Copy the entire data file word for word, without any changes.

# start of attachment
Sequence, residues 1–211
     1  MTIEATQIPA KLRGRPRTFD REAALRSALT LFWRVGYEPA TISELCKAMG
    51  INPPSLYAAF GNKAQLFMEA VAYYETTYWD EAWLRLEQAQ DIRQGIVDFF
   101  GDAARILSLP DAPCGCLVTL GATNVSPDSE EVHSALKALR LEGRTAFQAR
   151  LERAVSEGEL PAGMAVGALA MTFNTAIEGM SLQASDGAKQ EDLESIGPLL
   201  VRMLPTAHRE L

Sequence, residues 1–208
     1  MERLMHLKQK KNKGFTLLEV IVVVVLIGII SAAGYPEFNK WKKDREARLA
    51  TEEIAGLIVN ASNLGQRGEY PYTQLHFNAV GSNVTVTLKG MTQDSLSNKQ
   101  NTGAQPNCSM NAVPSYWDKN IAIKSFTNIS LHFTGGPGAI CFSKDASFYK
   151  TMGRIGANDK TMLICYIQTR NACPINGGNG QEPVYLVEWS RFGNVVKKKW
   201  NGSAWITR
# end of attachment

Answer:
Sequence, residues 1–211
     1  MTIEATQIPA KLRGRPRTFD REAALRSALT LFWRVGYEPA TISELCKAMG
    51  INPPSLYAAF GNKAQLFMEA VAYYETTYWD EAWLRLEQAQ DIRQGIVDFF
   101  GDAARILSLP DAPCGCLVTL GATNVSPDSE EVHSALKALR LEGRTAFQAR
   151  LERAVSEGEL PAGMAVGALA MTFNTAIEGM SLQASDGAKQ EDLESIGPLL
   201  VRMLPTAHRE L

Sequence, residues 1–208
     1  MERLMHLKQK KNKGFTLLEV IVVVVLIGII SAAGYPEFNK WKKDREARLA
    51  TEEIAGLIVN ASNLGQRGEY PYTQLHFNAV GSNVTVTLKG MTQDSLSNKQ
   101  NTGAQPNCSM NAVPSYWDKN IAIKSFTNIS LHFTGGPGAI CFSKDASFYK
   151  TMGRIGANDK TMLICYIQTR NACPINGGNG QEPVYLVEWS RFGNVVKKKW
   201  NGSAWITR